Monday, May 27, 2013

Going the Extra Mile

It’s said a picture is worth a thousand words. In a similar way, a few well-chosen words can speak volumes.

Consider, for instance, this quote from the late inspirational speaker and writer, Zig Ziglar: "There are no traffic jams on the Extra Mile."

Isn’t that true? Going the extra mile, acting beyond the call of duty, doing more than what’s required – these once were virtues people aspired to. Sadly, that’s rarely the case anymore.

Today, people want to know the bare minimum they can get away with. In college, many students don’t care what they’ll learn in a certain course. All they typically want to know is, “Will this be on the exam?” I’ve worked at places where sick leave accrued from pay period to pay period, and you could almost set your calendar by people that would call in “sick” the moment they accumulated a full day of sick leave.

People pay huge sums for new houses, expecting the home of their dreams, only to encounter shoddy construction, along with substandard fixtures and furnishings. Deficiencies in craftsmanship apply to home repairs as well. Never mind the “extra mile” – often workers quit before finishing the first mile!

There's not a lot of foot traffic from people
committed to going the extra mile.
That’s why people willing to go the added mile seem exceptional. As Ziglar pointed out, traffic is light on the extra-mile highway.

If you go out to dinner, for example, tipping a certain percentage is standard even for mediocre service. But when a server is extra attentive, checking back frequently and even anticipating needs before they’re verbalized, you don’t just want to leave a larger tip. You want to recognize the person with a brass band.

When you have work done at your home, if the carpenter or painter or landscaper takes extra pains to ensure the project is completed at the highest level, when it’s time to pay you want to ask, “You’re sure that’s enough?”

Jesus spoke about this in His so-called “Sermon on the Mount” but related it, interestingly enough, to people with whom we have adversarial relationships. “You have heard that it was said, ‘Eye for eye, and tooth for tooth.’ But I tell you, do not resist an evil person…. If someone forces you to go one mile, go with him two miles. Give to the one who asks you, and do not turn away from the one who wants to borrow from you” (Matthew 5:38-42).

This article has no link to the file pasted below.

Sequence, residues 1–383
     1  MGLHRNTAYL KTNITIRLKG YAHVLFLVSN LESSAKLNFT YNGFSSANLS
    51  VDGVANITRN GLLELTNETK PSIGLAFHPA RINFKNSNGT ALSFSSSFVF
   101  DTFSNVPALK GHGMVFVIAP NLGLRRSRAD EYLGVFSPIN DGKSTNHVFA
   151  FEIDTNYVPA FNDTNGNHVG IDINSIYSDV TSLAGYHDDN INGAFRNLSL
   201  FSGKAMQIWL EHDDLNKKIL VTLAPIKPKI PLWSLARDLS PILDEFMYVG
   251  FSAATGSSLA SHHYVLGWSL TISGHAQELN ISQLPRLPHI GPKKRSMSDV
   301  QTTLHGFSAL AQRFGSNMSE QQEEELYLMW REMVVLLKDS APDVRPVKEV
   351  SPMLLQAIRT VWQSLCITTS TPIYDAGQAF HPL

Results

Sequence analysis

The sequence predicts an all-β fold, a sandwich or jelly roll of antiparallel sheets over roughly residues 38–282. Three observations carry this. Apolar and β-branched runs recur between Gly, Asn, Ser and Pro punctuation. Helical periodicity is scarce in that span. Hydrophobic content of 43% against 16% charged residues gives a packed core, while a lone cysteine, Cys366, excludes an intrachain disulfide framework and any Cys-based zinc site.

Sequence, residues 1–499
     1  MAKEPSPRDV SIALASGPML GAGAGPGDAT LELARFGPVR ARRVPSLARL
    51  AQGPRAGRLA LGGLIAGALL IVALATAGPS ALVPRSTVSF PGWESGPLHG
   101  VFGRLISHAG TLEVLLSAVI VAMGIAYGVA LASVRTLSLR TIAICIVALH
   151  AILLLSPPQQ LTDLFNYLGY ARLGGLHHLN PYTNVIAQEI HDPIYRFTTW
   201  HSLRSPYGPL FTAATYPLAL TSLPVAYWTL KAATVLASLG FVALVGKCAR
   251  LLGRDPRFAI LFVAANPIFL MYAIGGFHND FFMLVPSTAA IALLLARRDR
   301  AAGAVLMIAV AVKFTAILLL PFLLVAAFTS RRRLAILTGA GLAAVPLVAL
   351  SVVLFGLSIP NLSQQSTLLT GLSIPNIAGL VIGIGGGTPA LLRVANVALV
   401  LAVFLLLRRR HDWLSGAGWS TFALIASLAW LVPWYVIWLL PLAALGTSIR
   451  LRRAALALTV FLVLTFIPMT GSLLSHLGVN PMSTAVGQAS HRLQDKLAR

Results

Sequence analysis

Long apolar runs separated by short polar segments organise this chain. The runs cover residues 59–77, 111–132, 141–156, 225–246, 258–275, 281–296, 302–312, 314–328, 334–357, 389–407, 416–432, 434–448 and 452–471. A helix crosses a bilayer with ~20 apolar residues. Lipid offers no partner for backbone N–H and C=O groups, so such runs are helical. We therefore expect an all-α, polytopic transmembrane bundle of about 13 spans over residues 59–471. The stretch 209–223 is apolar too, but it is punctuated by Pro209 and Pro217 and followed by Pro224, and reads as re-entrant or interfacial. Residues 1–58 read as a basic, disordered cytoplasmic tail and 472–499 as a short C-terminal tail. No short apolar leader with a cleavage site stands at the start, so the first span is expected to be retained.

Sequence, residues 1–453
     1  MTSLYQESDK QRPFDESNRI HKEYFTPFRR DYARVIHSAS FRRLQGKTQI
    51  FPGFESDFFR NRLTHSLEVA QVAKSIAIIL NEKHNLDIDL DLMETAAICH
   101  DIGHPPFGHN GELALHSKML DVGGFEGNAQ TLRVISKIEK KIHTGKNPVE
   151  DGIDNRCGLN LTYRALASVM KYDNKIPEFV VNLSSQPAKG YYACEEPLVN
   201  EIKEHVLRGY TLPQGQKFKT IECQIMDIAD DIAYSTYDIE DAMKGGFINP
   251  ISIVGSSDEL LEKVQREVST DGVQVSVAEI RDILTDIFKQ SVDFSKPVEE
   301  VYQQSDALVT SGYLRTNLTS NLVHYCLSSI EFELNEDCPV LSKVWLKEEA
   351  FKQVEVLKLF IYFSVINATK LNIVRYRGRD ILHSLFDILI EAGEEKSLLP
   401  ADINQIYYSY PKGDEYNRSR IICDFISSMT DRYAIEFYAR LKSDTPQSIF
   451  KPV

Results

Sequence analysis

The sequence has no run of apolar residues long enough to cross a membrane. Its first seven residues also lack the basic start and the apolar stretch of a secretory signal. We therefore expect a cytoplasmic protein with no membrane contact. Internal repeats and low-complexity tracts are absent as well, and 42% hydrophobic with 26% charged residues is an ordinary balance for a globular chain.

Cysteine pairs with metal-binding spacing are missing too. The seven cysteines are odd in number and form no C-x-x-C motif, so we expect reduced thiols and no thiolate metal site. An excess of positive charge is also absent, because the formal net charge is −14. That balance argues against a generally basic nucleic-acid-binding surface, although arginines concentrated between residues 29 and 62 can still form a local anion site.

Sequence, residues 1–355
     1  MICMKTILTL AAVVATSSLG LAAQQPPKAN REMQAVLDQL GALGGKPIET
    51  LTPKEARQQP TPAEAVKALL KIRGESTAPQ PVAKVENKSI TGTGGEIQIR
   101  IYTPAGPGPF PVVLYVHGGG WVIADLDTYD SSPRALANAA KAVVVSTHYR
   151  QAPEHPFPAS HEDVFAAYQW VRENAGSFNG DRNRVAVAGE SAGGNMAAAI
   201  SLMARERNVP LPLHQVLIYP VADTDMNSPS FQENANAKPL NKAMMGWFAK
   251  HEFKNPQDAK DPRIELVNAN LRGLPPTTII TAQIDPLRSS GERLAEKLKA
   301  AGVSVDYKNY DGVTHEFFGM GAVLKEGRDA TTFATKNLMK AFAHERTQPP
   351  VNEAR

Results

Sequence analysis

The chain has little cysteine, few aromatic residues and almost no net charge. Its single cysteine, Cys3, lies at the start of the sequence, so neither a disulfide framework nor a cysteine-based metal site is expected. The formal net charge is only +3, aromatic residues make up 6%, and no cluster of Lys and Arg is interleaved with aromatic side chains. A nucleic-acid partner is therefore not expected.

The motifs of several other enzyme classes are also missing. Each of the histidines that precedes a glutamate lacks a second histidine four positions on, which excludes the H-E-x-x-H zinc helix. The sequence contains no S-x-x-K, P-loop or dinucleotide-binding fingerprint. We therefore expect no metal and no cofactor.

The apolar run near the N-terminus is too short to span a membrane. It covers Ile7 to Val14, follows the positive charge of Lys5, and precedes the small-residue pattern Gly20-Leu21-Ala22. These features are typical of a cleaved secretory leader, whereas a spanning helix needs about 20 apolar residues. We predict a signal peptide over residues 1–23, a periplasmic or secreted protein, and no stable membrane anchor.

Jesus calls His followers to do more than what’s required, more than what’s asked for – even for people we feel aren’t deserving of it. Why? There are several good reasons:

When we’re mistreated, our natural response is to respond in kind. To strike back, maybe get revenge. Christ’s followers, however, are to act differently – because He’s made them different. “If you love those who love you, what credit is that to you? Even sinners love those who love them. And if you do good to those who are good to you, what credit is that to you?... And if you lend to those from whom you expect repayment, what credit is that to you?... But love your enemies, do good to them…. Be merciful, just as your Father is merciful” (Luke 6:32-36).

As the passage above states, we’re to reflect the mercy we ourselves have received. “He saved us, not because of righteous things we have done, but because of his mercy” (Titus 3:5). God extended His mercy – not giving is what we did deserve, and offered His grace – giving us what we didn’t deserve.

Another reason might be because in darkness, even the weakest light shines brightly. That’s what Jesus calls us to do: “In the same way, let your light shine before men, that they may see your good works and praise your Father in heaven” (Matthew 5:16). We’re to stand out, to be exceptional, not to blend in. And one way to do this is…by going the extra mile.

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